• Tony Bosworth

Fears Richmond TAFE faces closure as equine courses get the chop - protest held outside the gates



If you love horses and want to work with them safely there is a place in the Hawkesbury that can teach you all you need to know, but Richmond TAFE’s equine courses are being axed and there are fears it is just the first step in closing the TAFE down or even privatising it.


“If they close the TAFE here, the local students of the Hawkesbury are going to have to travel to Scone, that will be the next closest place they can do these courses,” said Phil Chadwick who is the NSW Teacher’s Federation Deputy Secretary for TAFE, and who says there is a pattern emerging.


Mr Chadwick joined Macquarie MP Susan Templeman today, along with Tim Crakanthorp, Shadow Minister for Skills and TAFE in the NSW Parliament, and a large group of concerned students, teachers and industry members, at the entrance to Richmond TAFE to voice their concerns.


Some 12 members of staff are set to lose their jobs with the axing of the equine courses, but there is rumour – no-one will comment publicly – that Racing NSW will step into the breach and offer the same courses.


“What’s happening here kind of mirrors what happened this time 12 months ago in Scone where TAFE NSW said it was not going to close, that they had no plans to sell,” Mr Chadwick told the Post this morning.


“The Connected Learning Centre offside of the campus opens and lo and behold, just 6 months later the TAFE college in Scone has been sold for less than replacement cost to Racing NSW,” said Mr Chadwick.



Phil Chadwick of the Teachers Federation believes Richmond TAFE could end up for sale as courses are cut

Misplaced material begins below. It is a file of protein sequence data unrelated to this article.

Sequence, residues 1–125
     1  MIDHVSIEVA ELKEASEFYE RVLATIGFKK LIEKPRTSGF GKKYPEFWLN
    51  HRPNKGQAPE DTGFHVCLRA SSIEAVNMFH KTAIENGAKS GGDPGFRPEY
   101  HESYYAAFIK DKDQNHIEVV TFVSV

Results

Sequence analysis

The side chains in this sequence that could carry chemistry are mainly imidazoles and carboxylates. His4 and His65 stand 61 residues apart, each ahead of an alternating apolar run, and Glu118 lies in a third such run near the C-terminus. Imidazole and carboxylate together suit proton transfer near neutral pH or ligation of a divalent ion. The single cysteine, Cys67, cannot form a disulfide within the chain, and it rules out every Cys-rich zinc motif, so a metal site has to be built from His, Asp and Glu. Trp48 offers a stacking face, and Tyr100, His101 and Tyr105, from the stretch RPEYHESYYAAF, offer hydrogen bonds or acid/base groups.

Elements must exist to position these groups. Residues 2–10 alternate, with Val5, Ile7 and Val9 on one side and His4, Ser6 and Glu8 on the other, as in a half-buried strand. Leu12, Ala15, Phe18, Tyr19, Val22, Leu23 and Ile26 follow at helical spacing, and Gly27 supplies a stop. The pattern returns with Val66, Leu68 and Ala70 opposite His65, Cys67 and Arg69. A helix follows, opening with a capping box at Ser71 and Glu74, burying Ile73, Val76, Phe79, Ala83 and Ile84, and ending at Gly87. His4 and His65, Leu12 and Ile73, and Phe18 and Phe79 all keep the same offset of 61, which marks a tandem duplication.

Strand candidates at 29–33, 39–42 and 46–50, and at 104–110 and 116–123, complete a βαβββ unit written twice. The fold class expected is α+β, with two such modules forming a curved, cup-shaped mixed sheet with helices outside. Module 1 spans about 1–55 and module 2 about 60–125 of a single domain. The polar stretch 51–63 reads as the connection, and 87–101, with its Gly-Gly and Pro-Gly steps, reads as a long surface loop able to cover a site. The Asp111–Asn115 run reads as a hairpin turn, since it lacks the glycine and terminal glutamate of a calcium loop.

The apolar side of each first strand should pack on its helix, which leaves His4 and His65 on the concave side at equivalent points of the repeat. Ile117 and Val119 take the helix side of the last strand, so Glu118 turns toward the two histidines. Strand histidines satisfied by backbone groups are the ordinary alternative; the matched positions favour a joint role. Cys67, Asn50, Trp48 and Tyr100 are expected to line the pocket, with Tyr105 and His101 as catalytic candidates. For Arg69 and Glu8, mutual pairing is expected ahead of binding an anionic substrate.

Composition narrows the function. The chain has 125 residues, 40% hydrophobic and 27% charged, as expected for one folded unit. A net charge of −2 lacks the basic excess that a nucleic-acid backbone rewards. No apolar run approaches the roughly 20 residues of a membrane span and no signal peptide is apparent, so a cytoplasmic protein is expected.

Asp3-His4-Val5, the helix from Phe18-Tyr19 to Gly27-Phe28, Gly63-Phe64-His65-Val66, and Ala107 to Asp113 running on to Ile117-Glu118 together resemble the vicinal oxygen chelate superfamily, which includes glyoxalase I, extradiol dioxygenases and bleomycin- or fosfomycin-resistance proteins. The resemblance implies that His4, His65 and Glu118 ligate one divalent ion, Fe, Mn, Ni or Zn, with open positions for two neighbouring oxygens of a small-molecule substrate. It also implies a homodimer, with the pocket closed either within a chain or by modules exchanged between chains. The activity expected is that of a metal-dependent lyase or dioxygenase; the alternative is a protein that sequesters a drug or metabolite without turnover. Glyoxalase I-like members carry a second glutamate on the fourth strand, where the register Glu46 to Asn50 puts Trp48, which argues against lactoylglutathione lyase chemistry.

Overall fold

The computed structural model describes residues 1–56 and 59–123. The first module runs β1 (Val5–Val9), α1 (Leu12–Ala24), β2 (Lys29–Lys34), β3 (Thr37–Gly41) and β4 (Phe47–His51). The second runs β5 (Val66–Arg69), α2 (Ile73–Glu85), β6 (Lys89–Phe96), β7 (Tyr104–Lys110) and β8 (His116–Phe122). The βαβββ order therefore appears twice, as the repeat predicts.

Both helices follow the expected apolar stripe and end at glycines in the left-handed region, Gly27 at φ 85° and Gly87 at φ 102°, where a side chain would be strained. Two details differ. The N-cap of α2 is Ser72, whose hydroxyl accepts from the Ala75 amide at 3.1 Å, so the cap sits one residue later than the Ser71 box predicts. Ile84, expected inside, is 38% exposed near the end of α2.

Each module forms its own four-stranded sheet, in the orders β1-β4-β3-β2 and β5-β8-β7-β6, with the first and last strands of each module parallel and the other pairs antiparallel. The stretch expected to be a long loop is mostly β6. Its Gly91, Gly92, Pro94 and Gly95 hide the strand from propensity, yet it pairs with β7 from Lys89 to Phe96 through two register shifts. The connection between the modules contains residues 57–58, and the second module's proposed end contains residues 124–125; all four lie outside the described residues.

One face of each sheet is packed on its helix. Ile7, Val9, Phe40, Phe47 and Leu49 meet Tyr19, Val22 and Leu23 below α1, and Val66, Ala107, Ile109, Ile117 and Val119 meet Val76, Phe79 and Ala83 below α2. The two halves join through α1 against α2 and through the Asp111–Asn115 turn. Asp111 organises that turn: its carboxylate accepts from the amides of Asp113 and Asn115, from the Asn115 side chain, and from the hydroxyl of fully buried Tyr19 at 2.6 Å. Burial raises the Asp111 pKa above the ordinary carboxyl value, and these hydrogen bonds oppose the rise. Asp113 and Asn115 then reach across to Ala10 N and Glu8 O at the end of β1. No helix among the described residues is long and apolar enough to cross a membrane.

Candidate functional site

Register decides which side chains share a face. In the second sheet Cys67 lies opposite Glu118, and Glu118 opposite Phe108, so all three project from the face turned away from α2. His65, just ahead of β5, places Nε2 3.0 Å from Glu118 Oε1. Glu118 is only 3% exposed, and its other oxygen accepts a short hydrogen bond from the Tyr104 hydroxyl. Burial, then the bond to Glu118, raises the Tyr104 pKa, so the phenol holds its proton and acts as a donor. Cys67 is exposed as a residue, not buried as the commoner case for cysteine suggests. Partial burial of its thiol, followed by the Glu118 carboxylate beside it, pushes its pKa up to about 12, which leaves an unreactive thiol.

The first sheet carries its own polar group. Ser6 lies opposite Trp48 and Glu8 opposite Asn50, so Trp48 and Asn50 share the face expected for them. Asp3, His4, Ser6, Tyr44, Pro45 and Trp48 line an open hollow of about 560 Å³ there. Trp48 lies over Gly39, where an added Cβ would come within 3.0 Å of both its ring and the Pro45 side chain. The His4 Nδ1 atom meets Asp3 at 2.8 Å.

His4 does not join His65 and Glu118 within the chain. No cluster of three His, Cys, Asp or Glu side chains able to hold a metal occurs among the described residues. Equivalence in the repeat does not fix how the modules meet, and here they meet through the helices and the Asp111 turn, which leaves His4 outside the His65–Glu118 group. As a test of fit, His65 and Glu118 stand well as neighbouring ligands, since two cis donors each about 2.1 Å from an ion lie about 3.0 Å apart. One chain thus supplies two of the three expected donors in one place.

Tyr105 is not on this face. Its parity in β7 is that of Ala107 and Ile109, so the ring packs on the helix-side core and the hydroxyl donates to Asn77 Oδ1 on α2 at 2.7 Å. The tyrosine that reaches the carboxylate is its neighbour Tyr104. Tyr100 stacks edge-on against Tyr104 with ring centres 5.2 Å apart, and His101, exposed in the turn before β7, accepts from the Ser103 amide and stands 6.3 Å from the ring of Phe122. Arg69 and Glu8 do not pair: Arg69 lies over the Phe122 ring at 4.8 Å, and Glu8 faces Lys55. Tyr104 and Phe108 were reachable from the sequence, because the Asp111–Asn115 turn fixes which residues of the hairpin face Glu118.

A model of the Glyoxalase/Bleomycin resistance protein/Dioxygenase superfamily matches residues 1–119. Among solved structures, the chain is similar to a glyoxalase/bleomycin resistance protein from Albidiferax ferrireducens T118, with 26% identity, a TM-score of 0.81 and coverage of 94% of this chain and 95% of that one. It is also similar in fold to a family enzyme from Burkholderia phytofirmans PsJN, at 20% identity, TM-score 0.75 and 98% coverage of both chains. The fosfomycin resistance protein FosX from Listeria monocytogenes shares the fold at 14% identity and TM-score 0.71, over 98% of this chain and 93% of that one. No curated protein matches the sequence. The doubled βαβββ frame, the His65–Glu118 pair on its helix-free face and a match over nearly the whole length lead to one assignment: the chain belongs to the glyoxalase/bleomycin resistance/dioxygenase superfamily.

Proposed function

"If they were to close the college in one fell swoop that would be too noticeable so what they do is cut a course here and cut a course there. What they will do here is whittle away one course at a time and then we may see Richmond TAFE up on realestate.com.au in the same way we found Scone TAFE last year," says Mr Chadwick.

Labor’s Mr Crakanthorp said, “it’s an appalling situation. We have seen this happening all over the State. First of all they cut courses and cut so many teachers. 5500 staff and enrolments 150,000 less since the [state Coalition] government came in. We have seen apprenticeships halved and TAFEs sold off.


“That’s why it’s important here at Richmond to take a stand. Here the Minister is using 'enrolments have decreased' but in fact he’s using a figure when this TAFE had to train everyone in the industry across the State. He’s being very sneaky by saying the course enrolments are decreasing.


State Shadow Minister Tim Crakanthorp says TAFE has a wonderful brand


“Here today we have an example of how important equine is to this area. I’m from the Hunter and we were devastated to see Scone TAFE sold off [to Racing NSW] and I’m getting that feeling here as well.


“You mention Racing NSW – it’s privatisation by stealth which really goes to the heart of the matter. Since the Coalition has got in they have run down TAFE, downgraded it, cut the staff, cut the courses, the enrolments have gone down.